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The solubility of hexacosane in 2 ethyl N butyric acid, propionic acid, and acetic acid Mearns, Alan Norman 1947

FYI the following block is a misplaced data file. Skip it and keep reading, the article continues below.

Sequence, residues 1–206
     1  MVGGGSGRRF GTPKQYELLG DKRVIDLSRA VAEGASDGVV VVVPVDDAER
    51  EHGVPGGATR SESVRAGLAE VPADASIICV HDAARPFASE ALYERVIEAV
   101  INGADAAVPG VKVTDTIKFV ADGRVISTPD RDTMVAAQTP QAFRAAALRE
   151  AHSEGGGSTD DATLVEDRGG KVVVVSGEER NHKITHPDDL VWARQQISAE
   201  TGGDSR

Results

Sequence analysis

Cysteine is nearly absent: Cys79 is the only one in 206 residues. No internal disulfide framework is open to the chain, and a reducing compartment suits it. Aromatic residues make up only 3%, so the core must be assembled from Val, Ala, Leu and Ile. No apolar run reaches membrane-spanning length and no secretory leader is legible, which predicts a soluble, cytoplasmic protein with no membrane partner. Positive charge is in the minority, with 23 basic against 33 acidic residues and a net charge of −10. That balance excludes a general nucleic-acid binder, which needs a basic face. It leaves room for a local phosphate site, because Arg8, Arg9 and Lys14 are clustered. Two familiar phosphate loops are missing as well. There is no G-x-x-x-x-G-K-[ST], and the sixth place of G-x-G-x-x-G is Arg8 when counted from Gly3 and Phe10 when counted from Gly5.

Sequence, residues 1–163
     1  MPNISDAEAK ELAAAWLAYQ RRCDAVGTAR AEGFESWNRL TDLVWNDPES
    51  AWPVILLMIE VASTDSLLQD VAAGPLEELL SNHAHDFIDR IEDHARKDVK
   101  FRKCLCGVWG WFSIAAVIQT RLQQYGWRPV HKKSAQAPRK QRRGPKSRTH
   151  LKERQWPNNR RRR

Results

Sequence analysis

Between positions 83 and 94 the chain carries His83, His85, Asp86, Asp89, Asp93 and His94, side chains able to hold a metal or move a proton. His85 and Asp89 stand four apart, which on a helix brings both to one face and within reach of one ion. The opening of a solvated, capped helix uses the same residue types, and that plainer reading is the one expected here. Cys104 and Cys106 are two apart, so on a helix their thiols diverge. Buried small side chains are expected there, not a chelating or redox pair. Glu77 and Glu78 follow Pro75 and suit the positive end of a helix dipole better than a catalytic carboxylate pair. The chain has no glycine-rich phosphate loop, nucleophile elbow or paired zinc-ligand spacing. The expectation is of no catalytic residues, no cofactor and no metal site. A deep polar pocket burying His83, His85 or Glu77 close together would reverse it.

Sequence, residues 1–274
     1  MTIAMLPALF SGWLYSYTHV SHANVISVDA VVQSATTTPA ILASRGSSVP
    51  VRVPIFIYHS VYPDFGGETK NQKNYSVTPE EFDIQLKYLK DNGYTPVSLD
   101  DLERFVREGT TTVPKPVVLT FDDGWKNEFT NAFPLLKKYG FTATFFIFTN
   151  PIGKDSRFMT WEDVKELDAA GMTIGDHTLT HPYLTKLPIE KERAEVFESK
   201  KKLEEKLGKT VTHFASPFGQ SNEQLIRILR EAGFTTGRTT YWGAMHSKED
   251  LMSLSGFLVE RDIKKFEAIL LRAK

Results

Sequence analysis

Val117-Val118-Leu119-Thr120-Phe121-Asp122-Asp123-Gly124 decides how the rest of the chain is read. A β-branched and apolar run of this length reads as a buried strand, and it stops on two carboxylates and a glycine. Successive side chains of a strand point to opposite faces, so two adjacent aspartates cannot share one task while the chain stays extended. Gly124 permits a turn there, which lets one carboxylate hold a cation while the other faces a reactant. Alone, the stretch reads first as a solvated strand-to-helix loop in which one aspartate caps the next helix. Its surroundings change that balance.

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THE SOLUBILITY OF HEXACOSANE IN 2 ETHYL N BUTYRIC ACID, PROPIONIC ACID,  ACETIC ACID  /////  A t h e s i s submitted i n p a r t i a l  fulfilment  of the r e q u i r e m e n t s f o r t h e degree o f M a s t e r of A p p l i e d S c i e n c e - • ~• i n Chemical E n g i n e e r i n g - a t the University  of B r i t i s h  Columbia  Alan. N. Mearns  October  At*J  1947  f S Z . / ^ ^ " ^ r  A n V n n w l fidrntifint.  The a u t h o r would l i k e t o acknowledge the k i n d h e l p - a n d g u i d a n c e of P r o f e s s o r W« P. Seyer under whose s u p e r v i s i o n t h i s work was c a r r i e d o u t .  TABLE OP CONTENTS  I.  Introduction  —  Page 1.  II. " Theory of S o l u b i l i t y  ~  2.  I I I . Calculation of Freezing Points and S o l u b i l i t i e s  3  IV7  Materials Used  6  V.  Experimental Procedure  7  VI. ' Results-.  .-'  •  .  1°  VII. Discussion of Results  15  VIII. P u r i f i c a t i o n by R e e r y s t a l l i z a t i o n  16  IX.  Conclusions and Recommendations  17  X.  Summary-  18  XI.  Bibliography  19.  TABLES AND ILLUSTRATIONS Table 1.  Hexacosane-2 Ethyl n Butyric Acid  10.  Table 2,  Hexacosane-Propionic Acid  11,  Table 3  Hexacosane-Acetic Acid  11.  —>  Pig. 1.  S o l u b i l i t y Curves : Hexacosane i n 2.Ethyl n Butyric Acid and Propionic Acid  Pig. 2.  S o l u b i l i t y of Hexacosane i n Acetic Acid  Pig. 3.  12.  log x vs. l / T  13V 14.  ABSTRACT  The s o l u b i l i t y of a long chain p a r a f f i n hydrocarbon (C 6H(jg) over a temperature range of 75° 2  n a  s been measured  i n acetic, propionic and ethyl butyric acids*  The phase  relationship f o r the acetic acid - hexacosane system d i f f e r s considerably from that of the other two.  The r e s u l t s show  that propionic acid, i s the best solvent to use f o r reeryst a l l i z a t i o n and p u r i f i c a t i o n of a long chain hydrocarbon.  THE SOLUBILITY OF KEXACOSANE i i ?. ETHYL N BUTYRIC ACID, PROPIONIC ACID, AND ACETIC ACID  —  - • ~ Introduction  -During the l a s t ten years several researches have "been undertaken at the University of B r i t i s h Columbia on the mutual s o l u b i l i t i e s of hydrocarbons. This work together with information supplied by other u n i v e r s i t i e s has helped establish the f a c t that the mutual s o l u b i l i t y of hydrocarbons i s a function of t h e i r molecular weights. Use has been Made of this knowledge by the petroleum industry-to i s o l a t e and p u r i f y petroleum fractions-by pointing out the most suitable solvent to be used and i n d i c a t i n g the range i n which any  specific  solvent would be applicable. Most information on s o l u b i l i t i e s has been of a q u a l i t a t i v e nature. As a r e s u l t , there i s much need f o r quanti t a t i v e data which, when applied to e x i s t i n g t h e o r e t i c a l equations,  may  add support to, or help disprove, e x i s t i n g  conceptions of the laws governing s o l u b i l i t y . The need of the petroleum industry f o r such information has arisen from the increased use of solvent extraction  processes i n supplementing  older r e f i n i n g methods. Increased  speeds, pressures, and temperatures  i n automotive and aviation  engines have demanded more stable lubricants, and hence more e f f i c i e n t r e f i n i n g methods to obtain these lubricants. Examples of these solvent extraction processes are to be found i n various patent records. This present research was undertaken  to provide  fundamental data on the s o l u b i l i t y of the hydrocarbon hexacosane, ^26 '5>A» ^ S  tiiTQe  organic acids - 2 ethyl n butyric  acid, propionic acid, and acetic acid. It i s hoped that t h i s data may prove to be of some use i n solvent extraction work. -Theory of  Solubility  Solid-Liquid Systems Equilibrium between s o l i d and l i q u i d i n a two component system may be considered from two points of view., If the l i q u i d mixture i s i n equilibrium with the s o l i d phase i n excess, the solution i s said to be at i t s freezing point, and the curve representing the v a r i a t i o n of t h i s temperature  with  the composition of the system i s known as the freezing point curve, I f , on the other hand, a r e l a t i v e l y  small proportion  of s o l i d phase i s i n equilibrium with the l i q u i d , the system i s said to be a saturated solution and the v a r i a t i o n of temperature with composition i s represented by a s o l u b i l i t y curve. There i s no fundamental difference between freezing point curves and s o l u b i l i t y curves. Common practice i s to refer to freezing point curves when dealing with a system i n which the two components are chemically similar, e.g., when both are  metals, s a l t s , or organic compounds of not very d i f f e r e n t melting point. When the two compounds are chemically d i f f e r e n t or there i s a marked difference i n t h e i r melting points, i t i s possible to make the conventional d i s t i n c t i o n between solvent and solute. In such a casey the condition under which the s o l i d solute separates out i s indicated by a s o l u b i l i t y curve, while the equilibrium between the l i q u i d and s o l i d solvent i s represented by a freezing point curve. More conveniently, the whole curve may he referred to as a s o l u b i l i t y curve. Calculation of Freezing Points and S o l u b i l i t i e s By use of the Clausius-Clapeyron  equation,.Glasstone  derives the following general form of Hildebrande's  equation : 2  l n x = - Lf/Rd/T - l / T ) 0  f o r constant pressure conditions, where T i s the temperature at which the s o l i d present to the extent of x mol f r a c t i o n i n the mixture i s i n equilibrium with the l i q u i d . L f i s the heat of fusion of the s o l i d and T  0  i s its melting point i n the pure  3tate. The derivation of t h i s equation involves no assumption concerning the nature of the s o l i d phase, and s o . i t applies equally to both components of the l i q u i d mixture. In the general form given above, i t i s assumed the mixture behaves i d e a l l y . I t i s thus possible, by means of t h i s equation, to calculate the freezing point T of a solution i n which x i s the mol f r a c t i o n of the solvent; a l t e r n a t e l y , the equation gives the s o l u b i l i t y , i . e . mol f r a c t i o n x, at; the temperature T. In each case L f and T  Q  refer to the component separating  as the s o l i d phase. This equation i s limited i n i t s usefulness  1  "by scarcity of data on latent heats of fusion. Also, deviations are observed "because the systems do not behave i d e a l l y . By observation of the above equation several q u a l i t ative deductions of interest may be made. It i s seen that f o r substances having similar molar beats of fusion, those with lower melting points have the higher s o l u b i l i t i e s . Since T must always be less than the melting point T , i t follows that Q  s o l u b i l i t y must increase with temperature : further, the heat of solution must be equal to the heat of fusion of the solute, provided the system behaves i d e a l l y . Condensed Systems Since three degrees of freedom -  temperature,  pressure, and composition - are possible i n a two component system, a three dimensional figure would be required to represent accurately the conditions of equilibrium of such a system. This representation may be s i m p l i f i e d considerably by a r b i t r a r i l y f i x i n g one of the variables. In s o l i d - l i q u i d systems the effect of pressure i s r e l a t i v e l y small, and measurementsmade under atmospheric pressure would be very l i t t l e d i f f e r e n t from those obtained i f the s o l i d and l i q u i d are i n equilibrium under their own vapor pressure. A system i n which only s o l i d and l i q u i d phases are considered i s c a l l e d a condensed system. Such a system may be graphically represented by the use of only two variables - temperature  and composition.  Such a manner of representation was emplyed i n this research. Liquid-Liquid Systems In the study of the mutual s o l u b i l i t i e s of l i q u i d s i t i s generally the practice to work, not at the vapor pressure  of the system, but at atmospheric pressure, and to determine the compesitions of the two layers at various temperatures. For, a system of two components i n which there are two l i q u i d phases i n equilibrium the phase rule shows that there are two d e c r e e s of freedom, so i f the pressure i s fixed at one atmosphere, the temperature i s s u f f i c i e n t to define the system completely. In other words, at a given temperature the compositions of the two l i q u i d layers are fixed and are independent of the amounts of the two phases. By making use of the Alexejeff or synthetic method, as was done i n t h i s research, and studying the whole range of mixtures, a complete s o l u b i l i t y curve may be obtained. I f the compositions of the conjugate solutions at each temperature are plotted, most systems give a curve similar to that shown i n the following figure :  t_  T t  N  At any temperature t , the conjugate solutions have compositions as indicated by the points L-L and L . 2  The synthetic method  gives only one of the two points representing the composition and temperature at which the second layer i s n e g l i g i b l e i n  amount. This point i s i n effect the composition of one of the two layers. By covering the whole range of concentrations the . x,  complete s o l u b i l i t y curve may,  however, he obtained. The t i e  l i n e s j o i n i n g the two points representing two layers i n equilibrium at a given temperature are, of course, horizontal. It may be seen from the figure that, as the temperature i s raised, the compesitions of the two layers approach each other u n t i l eventually point C i s reached at temperature tc when the two layers become one; t solution temperature"  c  i s known as the  or "cohsolute -temperature".  "critical  Above t h i s  temperature the two l i q u i d s are miscible i n a l l proportions. In f a c t , a l l systems l y i n g outside of the curve consist of one layer only, while those l y i n g inside the curve consist of two layers, the compositions of which are given by points on the curve f o r the same temperature.  For example, a system designated  by point X w i l l consist of two layers % amounts being given by: Amount of 1^ Amount of L g  =  and L  2  , the r e l a t i v e  Distance X L o Distance XL-L  Materials used The hexacosane used i n t h i s research was  synthesized  by the Peterson e l e c t r o l y t i c method from Eastman Kodak myristic a c i d . It was p u r i f i e d by treatment with small quantities of 3  !  concentrated s u l f u r i c acid following the method of Piper et al£ and further p u r i f i e d by repeated c r y s t a l l i z a t i o n from benzene u n t i l a constant melting point of 55.6Pc was  obtained.  In the l i t e r a t u r e , various values f o r the melting point of hexacosane are to be found. Four of these are l i s t e d  i n chronological order : 56.4 , 57 , 56.17, 55.8 . 5  6  8  Garner, van Bibber, and King give the following equation f o r the melting point of hydrocarbons : T = (0.6G85n - 1.75)/(0.001491n / 0.00404) where T i s the absolute temperature  and n i s the number of  carbon atoms i n the hydrocarbon. Using t h i s equation, the melting point of hexacosane i s calculated to be 55.6°C. The melting point of the hexacosane used i n this research i s thus seen to be i n exact agreement with the calculated value and i n very close agreement with l a t e s t observed values. The 2 ethyl n butyric acid was p u r i f i e d i n the laboratory by r e c r y s t a l l i z a t i o n andhad a b o i l i n g point of 190° C. A technical grade of Eastman Kodak propionic acid with a b o i l i n g point of 141,1°G, and Baker's Analyzed C P . g l a c i a l acetic acid with a b o i l i n g point of 118.1°C was used. Experimental  Procedure  A l e x e j e f f s synthetic method f o r the determination f  of s o l u b i l i t y was decided on as being the most p r a c t i c a l method of obtaining the desired r e s u l t s . This method consists of preparing a mixture of c a r e f u l l y determined amounts of solute and solvent i n a sealed bulb to prevent vaporization, and then gradually r a i s i n g the temperature u n t i l the l a s t c r y s t a l of s o l i d disappears, at which point the temperature i s noted. On recooling the bulb and i t s contained l i q u i d a point i s reached at which the s o l i d begins to c r y s t a l l i z e out. The mean of these two points represents the s o l u b i l i t y of one compound i n the other. The mean i s taken i n order to counter-  act the effects of temperature lag and supercooling. Thick walled bulbs . of approximately 2 cm. i n diameter were blown and sealed to stems of 6 mm.  glass tubing, 15 cm. i n  length. The hexacosane was introduced into the bulb by melting and pouring through a long stemmed funnel. The solvents, which were a l l l i q u i d s at room temperature, were merely run through a long stemmed funnel into the bulb. Correct weights of solvent and solute were obtained by weighing the bulb before and a f t e r introducing both hexacosane and the solvent. The contents of the bulb were then frozen with dry i c e i n a Dewar f l a s k and sealed to a vacuum l i n e . By alternately evacuating the bulb and sweeping i t out with hydrogen, most of the a i r i n the bulb was thought to be removed and the bulb was then sealed. Thus the s o l i d and l i q u i d i n the sealed bulbs were i n equilibrium under their own vapor pressure. The prepared bulbs were then placed i n a water bath equipped with an e l e c t r i c immersion heater, cooling c o i l s , and an e l e c t r i c variable speed s t i r r e r . By alternately r a i s i n g and lowering the temperature  of the bath, and noting the points at  which the l a s t c r y s t a l of hexacosane disappeared and then reappeared, the c r i t i c a l point f o r each bulb was obtained. This system was used with good results to study the systems hexacosane- 2 ethyl n butyric acid and hexacosane-propionic acid. When the system hexacosane-acetic acid was studied, i t was found that the two components were not mutually soluble below the melting point of hexacosane except at very minute molar concentrations of hexacosane. Because of t h i s f a c t , a  l i q u i d - l i q u i d system resulted and the temperature had to he raised considerably above the melting point of hexacosane before the point of mutual s o l u b i l i t y was bath was  obtained. A p a r a f f i n  employed i n order to reach the desired temperatures.  The c r i t i c a l point-was defined quite sharply by the d i s appearance of the two layers .on r a i s i n g the temperature and by a sudden t u r b i d i t y on lowering the temperature. This point of t u r b i d i t y was very sharp and reproducible and was  considered  to be the more accurate indication of the mutual s o l u b i l i t y . Because of the low vapor pressures of the l i q u i d s used, at the experimental  temperatures, and the small volume  of the bulbs above the l i q u i d , corrections f o r vaporization of the solvent i n the bulb were thought to be unnecessary and were not applied.  Results  Table 1. Hexacosane - 2 Ethvl n Butyric Acid Hexacosane. g.  Butvric Acid, g. •• • • •  Mol % Hexacosane 0.0  P.P.. °C < -15  0.0200  2.5281  0.25  19.5  0.0834  1.9698  1.33  30.88  0.2633  1.4492  5.45  40.32  0.3279  1.1552  8.23  42.98  0.4348  0.7383  15.72  45.82  0.4164  0.6406  17.0  46.02  0.8276  0.7681  25.5  47.38  0.6305  0.5443  26.9  47.71  0.9602  0. 5690  34.9  48.55  1.3078  0.4477  48.0  49.09  1.2273  0.1358  74.2  51.40  0.9958  0.0769  80.4  52.28  100.0  55.6  Temperatures tabulated i n these tables are the means of a large number of readings. Although the readings were taken to the nearest hundredth of a degree, and hence the tabulated results are given to the nearest hundredth, i t i s f e l t that results are accurate only to the nearest tenth.  Tftblg 3. Hexacosane - Propionic Acid Hexacosane. g.  Propionic A c i d  f  g.  Mol % Hexacosane  P.P.«°C  0.0 0.0436  3.6116  0.24  -22 30 . 68  0.0807  2.7604  0.59  37.31  0.2422  0.9891  4.72  43.85  0.4477  0.8019  10.1  46.75  0.5038  0.5992  14.5  47.08  0.6870  0.5329  20 . 65  47.36  1.0159  0.3694  35.7  48.65  1.4838  0.3248  48.0  48.85  1.5628  0.1196  72.6  50.. 45  1.8411  0.0774  82.8  51.82 55.6  100.0 Table 3. Hexacosane - Acetic Acid Acetic A c i d  r  g. Mol ^Hexacosane M i s c i b i l i t v Pt. 0.0  16.6 .  0.1491  1.4658  1.64  180.0  0.4660  0.8473  8.30  186  0.8806  0.4876  22.0  170  1.0788  0.3714  32.2  137  1.6603  0.3601  42.9  109.5  1.. 4019  0.1998  53.5  90  100.0  55.6  Discussion of Results By p l o t t i n g mol concentrations against temperature for  the systems hexacosane - 2 ethyl n butyric acid and  hexacosane propionic acid the curves i n f i g . 1. were obtained. Fig.  2. gives the curve obtained f o r the system hexacosane -  acetic acid, which was a l i q u i d - r l i q u i d system. In f i g .  3.,  log x vs. l / T i s plotted f o r the two s o l i d - l i q u i d systems of f i g . 1. From an observation of f i g s . 1 and 3 i t may be seen • that a f t e r a concentration of about 10 mol percent i s reached the solute would appear to exert i t s influence i n determining the shape of the curves. Also, when a temperature of about 50°C i s reached, there i s another change i n the slope of the curves. This i s seen most s t r i k i n g l y i n f i g . 3. where a change of slope denotes a change i n the latent heat of fusion. This temperature of 50°C corresponds very closely to 50.1°C as reported by Garner et a l . ? to be the t r a n s i t i o n point f o r the change from the <*. to f& form of hexacosane.  I t would appear  obvious from the shape of the curves that the systems are not i d e a l . ThereforeI i n the equation f  In x «  -Lf/Rd/T - l / T ) Q  should be replaced by the d i f f e r e n t i a l heat of solution. This fact would help explain the changes i n slope of the curves of f i g . 3. At low mol percentages of hexacosane the d i f f e r e n t i a l heat of solution corresponds very closely to the heat of d i l u t i o n of the solvent. From about 10 mol percent up to the t r a n s i t i o n point, the d i f f e r e n t i a l heat of solution corresponds  16.' more closely to the latent heat of fusion of p  hexacosane,  and the curve approaches the i d e a l , which i s a straight l i n e with slope - L /R. After the t r a n s i t i o n point i s reached, we f  are dealing with the <* form of hexacosane and the slope of the curve again changes, approaching the latent heat of fusion of <A hexacosane. The discontinuity seen i n the curve f o r hexacosane - 2 ethyl n butyric acid i s perhaps due to association of the acid with the hexacosane. This system does not appear to act normally. In f i g . 2. the s o l u b i l i t y curve f o r hexacosane i n acetic acid i s plotted accurately up to about 54 mol percent hexacosane* Pore increased concentrations of hexacosane the surface area between the two l i q u i d s was so small, and the point of t u r b i d i t y so i n d i s t i n c t , that accurate results could not be obtained by v i s u a l methods. We know from c r y s t a l l i z a t i o n work that the melting point of hexacosane i s s l i g h t l y depressed i n the presence of acetic acid. This i s indicated i n f i g . 3. by the dotted curve plotted from Hildebrande•s equation. From the data given, i t i s seen that the c r i t i c a l s o l u t i o n temperature of the system hexacosane - acetic acid i s 187°C. P u r i f i c a t i o n bv R e c r v s t a l l i z a t i o n In order f o r a solvent to be a satisfactory r e c r y s t a l l i z i n g medium, to be used i n purifying a desired product, i t i s necessary that the s o l u b i l i t y curve have a small temperature gradient i n the desired range. That i s to say, f o r a small decrease i n temperature a comparatively large amount of solute must separate out. It would appear from t h i s research  17 that decreasing molecular weight increases the r e c r y s t a l l i z i n g effect of organic acids i n purifying p a r a f f i n s . Por hexacosane, propionic acid i s seen to be the best r e c r y s t a l l i z i n g medium, inasmuch as i t gives the largest amount of the p a r a f f i n separating out f o r a given decrease i n  temperature.  R e c r y s t a l l i z a t i o n i s most e f f e c t i v e between 10 and 60 mol percent of hexacosane. In the system hexacosane-acetic  acid,  the fact that a l i q u i d - l i q u i d system i s obtained makes the acid unsuitable f o r r e c r y s t a l l i z a t i o n . Conclusions and Recommendations In future s o l u b i l i t y studies.of this type, the author f e e l s that certain refinements i n technique would make the work more accurate and less tedious. In the v i s u a l method as employed i n this research, each bulb required undivided attention during the period of r a i s i n g and lowering the temperature, was usually a long, drawn out operation. The  which  temperatures  reported are the means of a large-number of observations f o r each bulb. It i s f e l t that the c r i t i c a l point could be obtained more quickly and more accurately i f a strong beam of l i g h t were directed through the solution i n the bulbs to detect the crystals of solute by r e f l e c t i o n , immediately  on p r e c i p i t a t i o n .  Some method of preventing supercooling would also prove very e f f e c t i v e , as constant a g i t a t i o n appears to have very l i t t l e e f f e c t . This might possibly be done by sealing a piece of inert wire i n the bulb, and touching the external end of the wire with dry ice when approaching the c r i t i c a l point from above. This would afford a center of p r e c i p i t a t i o n forthe  18.  crystals of solute and would decrease supercooling to a minimum. - Summary 1.  The s o l u b i l i t y curves f o r the systems hexacosane -  2 ethyl n butyric acid, hexacosane - propionic  acid, and  hexacosane - a c e t i c - a c i d have been found. 2.  The c r i t i c a l solution temperature of the system  hexacosane-acetic acid i s seen to be 187°C. 3.  The data obtained adds support to the-belief that  hexacosane exists i n two enaniotropic  forms. The t r a s i t i o n  temperature would appear to be about 50°C.  19.  Bibliography - 1.  Glasstone, S., "Textbook of Physical Chemistry", 1940.  2.  Hildebrand, J 7 H.', " S o l u b i l i t y  3.  Keays, J.' L., Masters Thesis, U. B. C., 1941  4.  Piper, S . ' H., e t - a l . , - B i o . J., 25, 2072-2094,  5.  Buchler, Ind..Eng. Chem., 19, 723,.(l927).  6.  Hildebrand, J-.-H., J . Am. Chem. S o c , 51,-2487,  7.  Garner, van Bibber, and King, J. Chem. S o c , 111, 1533,  of Non-Electrolytes", 1936.  (1931).  (1929).  (1931 8. Seyer, W. P., Patterson, R. P., and Keays, J.L., J . Am. Chem. S o c , 66, 179, (1944).